Investigators from the Pacific Northwest National Laboratory have demonstrated that some bacterial organisms keep themselves busy by making tiny nanowires, used for distribution of energy among individuals.
When Yuri Gorby discovered that a microbe which transforms toxic metals can sprout tiny electrically conductive wires from its cell membrane, he reasoned this anatomical oddity and its metal-changing physiology must be related.
A colleague who had heard Gorby’s presentation at a scientific meeting later reported that he, too, was able to coax nanowires from another so-called metal-reducing bacteria species and further suggested the wires, called pili, could be used to bioengineer electrical devices.
It now turns out that not only are the wires and their ability to alter metal connected-but that many other bacteria, including species involved in fermentation and photosynthesis, can also form wires under a variety of environmental conditions.
“Earth appears to be hard-wired,” said Gorby, staff scientist at the Department of Energy’s Pacific Northwest National Laboratory, who documents the seeming ubiquity of electrically conductive microbial life in the July 10 advance online Proceedings of the National Academy of Sciences.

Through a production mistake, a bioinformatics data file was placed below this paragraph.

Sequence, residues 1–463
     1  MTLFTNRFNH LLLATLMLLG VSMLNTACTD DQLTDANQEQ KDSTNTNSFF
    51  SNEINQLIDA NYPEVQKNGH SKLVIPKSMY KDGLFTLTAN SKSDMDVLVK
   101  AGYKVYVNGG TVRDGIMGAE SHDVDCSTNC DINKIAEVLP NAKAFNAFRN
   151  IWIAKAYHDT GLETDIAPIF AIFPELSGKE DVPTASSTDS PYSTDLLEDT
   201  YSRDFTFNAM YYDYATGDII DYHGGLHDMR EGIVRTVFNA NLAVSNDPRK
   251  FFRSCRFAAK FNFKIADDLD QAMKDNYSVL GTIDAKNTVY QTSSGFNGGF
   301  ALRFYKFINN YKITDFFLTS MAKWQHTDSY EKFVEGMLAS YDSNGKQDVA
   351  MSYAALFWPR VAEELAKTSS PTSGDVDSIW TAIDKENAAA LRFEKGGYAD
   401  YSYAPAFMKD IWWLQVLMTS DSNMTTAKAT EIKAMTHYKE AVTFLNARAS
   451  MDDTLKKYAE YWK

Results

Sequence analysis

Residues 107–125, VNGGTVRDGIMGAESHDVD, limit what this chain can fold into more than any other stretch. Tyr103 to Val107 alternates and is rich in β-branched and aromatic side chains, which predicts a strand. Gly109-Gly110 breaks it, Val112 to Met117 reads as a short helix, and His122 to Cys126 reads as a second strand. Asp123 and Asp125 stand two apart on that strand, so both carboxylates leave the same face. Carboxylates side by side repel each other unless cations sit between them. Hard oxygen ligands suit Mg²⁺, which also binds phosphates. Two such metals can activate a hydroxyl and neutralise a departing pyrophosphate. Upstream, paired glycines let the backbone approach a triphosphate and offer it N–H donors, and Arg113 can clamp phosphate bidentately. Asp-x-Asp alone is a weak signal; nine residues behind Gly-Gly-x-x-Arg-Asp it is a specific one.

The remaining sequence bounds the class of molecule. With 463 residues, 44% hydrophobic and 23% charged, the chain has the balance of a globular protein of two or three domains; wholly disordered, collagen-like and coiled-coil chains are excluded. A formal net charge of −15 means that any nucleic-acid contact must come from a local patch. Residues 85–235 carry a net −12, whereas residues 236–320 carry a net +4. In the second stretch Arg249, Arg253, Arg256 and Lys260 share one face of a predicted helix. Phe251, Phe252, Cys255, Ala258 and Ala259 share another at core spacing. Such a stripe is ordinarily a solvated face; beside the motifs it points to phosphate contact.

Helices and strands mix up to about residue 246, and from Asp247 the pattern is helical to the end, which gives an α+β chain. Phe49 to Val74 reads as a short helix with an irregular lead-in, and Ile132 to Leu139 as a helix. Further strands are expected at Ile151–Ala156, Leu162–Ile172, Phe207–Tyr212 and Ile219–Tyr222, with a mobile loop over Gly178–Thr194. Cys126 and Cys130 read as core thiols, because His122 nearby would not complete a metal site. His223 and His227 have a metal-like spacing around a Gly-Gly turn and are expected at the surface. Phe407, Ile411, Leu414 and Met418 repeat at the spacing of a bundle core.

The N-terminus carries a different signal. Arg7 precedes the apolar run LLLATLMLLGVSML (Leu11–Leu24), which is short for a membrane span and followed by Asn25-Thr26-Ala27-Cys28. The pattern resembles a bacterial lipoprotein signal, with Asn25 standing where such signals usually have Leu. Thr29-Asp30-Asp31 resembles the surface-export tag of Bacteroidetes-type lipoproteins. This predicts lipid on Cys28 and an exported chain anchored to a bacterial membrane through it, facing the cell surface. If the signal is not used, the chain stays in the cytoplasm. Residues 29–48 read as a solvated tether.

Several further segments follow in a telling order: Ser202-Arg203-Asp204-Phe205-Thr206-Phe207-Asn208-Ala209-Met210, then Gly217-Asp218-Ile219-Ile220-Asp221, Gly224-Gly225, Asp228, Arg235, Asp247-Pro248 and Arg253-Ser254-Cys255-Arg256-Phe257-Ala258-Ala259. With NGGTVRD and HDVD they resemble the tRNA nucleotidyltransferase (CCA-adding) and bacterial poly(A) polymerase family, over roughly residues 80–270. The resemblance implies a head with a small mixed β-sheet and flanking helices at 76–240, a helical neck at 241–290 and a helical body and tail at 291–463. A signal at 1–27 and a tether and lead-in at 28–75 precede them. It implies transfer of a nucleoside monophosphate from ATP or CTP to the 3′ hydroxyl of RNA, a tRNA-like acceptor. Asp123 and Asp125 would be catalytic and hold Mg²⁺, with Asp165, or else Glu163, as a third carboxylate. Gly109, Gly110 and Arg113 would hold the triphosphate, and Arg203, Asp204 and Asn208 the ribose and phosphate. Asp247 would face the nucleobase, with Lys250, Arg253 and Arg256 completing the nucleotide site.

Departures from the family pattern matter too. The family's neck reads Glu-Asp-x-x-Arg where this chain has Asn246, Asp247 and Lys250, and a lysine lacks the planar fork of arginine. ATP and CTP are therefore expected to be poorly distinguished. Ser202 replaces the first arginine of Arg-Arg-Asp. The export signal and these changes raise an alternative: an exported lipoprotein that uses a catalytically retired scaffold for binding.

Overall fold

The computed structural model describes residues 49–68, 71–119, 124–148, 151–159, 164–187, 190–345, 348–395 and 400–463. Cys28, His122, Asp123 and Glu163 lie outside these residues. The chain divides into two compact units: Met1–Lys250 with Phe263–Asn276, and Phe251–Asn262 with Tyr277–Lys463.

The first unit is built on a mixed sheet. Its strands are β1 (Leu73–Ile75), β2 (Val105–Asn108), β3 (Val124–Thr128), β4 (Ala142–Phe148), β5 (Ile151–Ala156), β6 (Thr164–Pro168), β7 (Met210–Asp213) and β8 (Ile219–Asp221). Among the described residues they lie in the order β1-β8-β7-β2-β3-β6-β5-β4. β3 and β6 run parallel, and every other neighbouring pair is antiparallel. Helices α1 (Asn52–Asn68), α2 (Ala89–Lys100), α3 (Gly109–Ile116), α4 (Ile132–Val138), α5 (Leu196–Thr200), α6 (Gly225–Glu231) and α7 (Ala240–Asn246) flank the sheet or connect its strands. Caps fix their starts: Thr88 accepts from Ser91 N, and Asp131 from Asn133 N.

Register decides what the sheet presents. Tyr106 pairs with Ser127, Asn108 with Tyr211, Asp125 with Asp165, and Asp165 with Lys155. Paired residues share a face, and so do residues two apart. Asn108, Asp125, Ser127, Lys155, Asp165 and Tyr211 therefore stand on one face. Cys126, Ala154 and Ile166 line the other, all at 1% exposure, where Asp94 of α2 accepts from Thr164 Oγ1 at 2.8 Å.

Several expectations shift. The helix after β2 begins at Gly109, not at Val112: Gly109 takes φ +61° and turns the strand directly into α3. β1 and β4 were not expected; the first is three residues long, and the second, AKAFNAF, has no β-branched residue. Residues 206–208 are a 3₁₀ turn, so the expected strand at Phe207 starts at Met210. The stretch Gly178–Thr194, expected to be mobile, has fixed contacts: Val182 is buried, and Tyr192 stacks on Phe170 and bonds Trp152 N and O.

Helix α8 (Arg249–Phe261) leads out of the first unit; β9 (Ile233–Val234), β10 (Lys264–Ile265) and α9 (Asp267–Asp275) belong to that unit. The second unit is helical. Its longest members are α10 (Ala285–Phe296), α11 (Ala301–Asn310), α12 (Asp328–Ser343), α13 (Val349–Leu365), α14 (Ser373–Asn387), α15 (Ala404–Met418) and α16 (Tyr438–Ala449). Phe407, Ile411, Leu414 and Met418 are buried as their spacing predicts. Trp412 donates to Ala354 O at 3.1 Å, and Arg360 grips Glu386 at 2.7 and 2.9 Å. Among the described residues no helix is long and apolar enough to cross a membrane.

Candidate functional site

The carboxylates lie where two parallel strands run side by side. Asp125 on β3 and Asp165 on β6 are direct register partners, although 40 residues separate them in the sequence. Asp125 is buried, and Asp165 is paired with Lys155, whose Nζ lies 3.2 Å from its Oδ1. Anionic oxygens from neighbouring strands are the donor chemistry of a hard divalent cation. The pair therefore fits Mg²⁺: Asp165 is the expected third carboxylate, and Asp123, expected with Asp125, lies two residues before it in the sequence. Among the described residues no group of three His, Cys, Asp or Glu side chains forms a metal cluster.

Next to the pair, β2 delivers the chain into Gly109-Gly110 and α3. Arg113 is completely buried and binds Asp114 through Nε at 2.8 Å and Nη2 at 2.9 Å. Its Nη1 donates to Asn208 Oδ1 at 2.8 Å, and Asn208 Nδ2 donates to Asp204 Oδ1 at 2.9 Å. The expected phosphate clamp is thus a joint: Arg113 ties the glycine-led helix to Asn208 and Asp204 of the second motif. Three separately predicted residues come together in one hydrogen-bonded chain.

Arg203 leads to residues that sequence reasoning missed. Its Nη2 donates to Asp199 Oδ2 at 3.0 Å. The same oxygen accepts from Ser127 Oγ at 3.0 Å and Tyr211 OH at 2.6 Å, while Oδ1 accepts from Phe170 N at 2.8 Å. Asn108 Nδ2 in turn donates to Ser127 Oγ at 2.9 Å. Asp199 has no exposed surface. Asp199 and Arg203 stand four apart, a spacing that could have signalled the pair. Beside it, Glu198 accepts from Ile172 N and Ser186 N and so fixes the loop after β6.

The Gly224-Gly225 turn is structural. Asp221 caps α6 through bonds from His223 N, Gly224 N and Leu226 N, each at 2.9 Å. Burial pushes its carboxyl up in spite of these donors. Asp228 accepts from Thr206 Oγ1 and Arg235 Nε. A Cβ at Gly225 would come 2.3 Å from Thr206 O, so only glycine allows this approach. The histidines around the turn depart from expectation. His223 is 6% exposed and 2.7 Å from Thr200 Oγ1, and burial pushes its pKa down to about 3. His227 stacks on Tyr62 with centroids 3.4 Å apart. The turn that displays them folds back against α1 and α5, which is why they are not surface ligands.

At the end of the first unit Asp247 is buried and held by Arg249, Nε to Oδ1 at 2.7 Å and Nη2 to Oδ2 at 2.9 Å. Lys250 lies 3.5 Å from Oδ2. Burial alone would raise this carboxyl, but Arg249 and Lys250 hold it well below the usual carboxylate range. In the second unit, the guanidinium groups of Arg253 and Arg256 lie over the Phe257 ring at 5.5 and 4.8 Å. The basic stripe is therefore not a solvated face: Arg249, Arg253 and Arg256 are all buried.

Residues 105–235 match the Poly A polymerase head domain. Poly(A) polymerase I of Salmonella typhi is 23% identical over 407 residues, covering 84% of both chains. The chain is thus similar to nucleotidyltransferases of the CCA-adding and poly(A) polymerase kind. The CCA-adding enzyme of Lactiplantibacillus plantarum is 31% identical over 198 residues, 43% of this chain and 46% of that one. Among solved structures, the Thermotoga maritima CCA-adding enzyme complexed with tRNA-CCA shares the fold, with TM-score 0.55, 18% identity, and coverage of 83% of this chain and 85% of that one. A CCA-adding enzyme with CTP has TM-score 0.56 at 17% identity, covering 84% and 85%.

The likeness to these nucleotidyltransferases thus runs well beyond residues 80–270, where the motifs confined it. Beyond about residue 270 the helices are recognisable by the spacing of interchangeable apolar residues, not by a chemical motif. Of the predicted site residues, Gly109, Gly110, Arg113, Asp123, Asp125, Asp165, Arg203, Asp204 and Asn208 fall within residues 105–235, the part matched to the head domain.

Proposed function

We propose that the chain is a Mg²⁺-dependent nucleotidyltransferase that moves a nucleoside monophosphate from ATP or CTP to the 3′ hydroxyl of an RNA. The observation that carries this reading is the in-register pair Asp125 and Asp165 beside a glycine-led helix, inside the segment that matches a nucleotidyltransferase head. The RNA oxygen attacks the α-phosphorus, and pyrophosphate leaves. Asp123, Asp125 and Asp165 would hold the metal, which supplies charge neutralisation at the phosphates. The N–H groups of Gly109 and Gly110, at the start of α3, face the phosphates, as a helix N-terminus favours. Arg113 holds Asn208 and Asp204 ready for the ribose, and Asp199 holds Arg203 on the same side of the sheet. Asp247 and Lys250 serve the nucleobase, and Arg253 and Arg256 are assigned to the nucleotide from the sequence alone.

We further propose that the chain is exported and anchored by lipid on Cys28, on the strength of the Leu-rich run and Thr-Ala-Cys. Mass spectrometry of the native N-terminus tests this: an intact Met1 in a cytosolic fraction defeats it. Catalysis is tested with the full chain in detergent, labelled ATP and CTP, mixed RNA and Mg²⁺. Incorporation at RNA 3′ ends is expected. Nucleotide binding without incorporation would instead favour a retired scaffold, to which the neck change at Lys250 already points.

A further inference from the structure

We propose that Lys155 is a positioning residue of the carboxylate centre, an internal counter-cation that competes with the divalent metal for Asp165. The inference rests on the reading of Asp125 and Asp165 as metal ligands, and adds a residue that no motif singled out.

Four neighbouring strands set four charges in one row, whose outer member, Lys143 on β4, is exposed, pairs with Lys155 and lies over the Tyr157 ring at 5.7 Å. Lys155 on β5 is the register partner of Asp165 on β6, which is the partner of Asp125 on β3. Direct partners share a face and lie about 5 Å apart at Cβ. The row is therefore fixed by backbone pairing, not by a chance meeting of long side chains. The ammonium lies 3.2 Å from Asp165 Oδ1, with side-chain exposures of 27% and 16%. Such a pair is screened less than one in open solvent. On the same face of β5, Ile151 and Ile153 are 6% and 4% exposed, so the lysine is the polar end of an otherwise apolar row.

In a series of experiments, Gorby and colleagues induced nanowires in a variety of bacteria and demonstrated that they were electrically conductive. The bacterial nanowires were as small as 10 nanometers in diameter and formed bundles as wide as 150 nanometers. They grew to be tens of microns to hundreds of microns long.
The common thread involved depriving a microbe of something it needed to shed excess energy in the form of electrons. For example, Shewanella, of interest in environmental cleanup for its ability to hasten the weathering of toxic metals into benign ones, requires oxygen or other electron acceptors for respiration, whereas Synechocystis, a cyanobacterium, combines electrons with carbon dioxide during photosynthesis.
Bereft of these “electron acceptors,” bacterial nanowires “will literally reach out and connect cells from one to another to form an electrically integrated community,” Gorby said.
“The physiological and ecological implications for these interactions are not currently known,” he said, “but the effect is suggestive of a highly organized form of energy distribution among members of the oldest and most sustainable life forms on the planet.”
With a growing possibility that future medical gadgets will be based on nanowires, this kind of research is always exciting to see.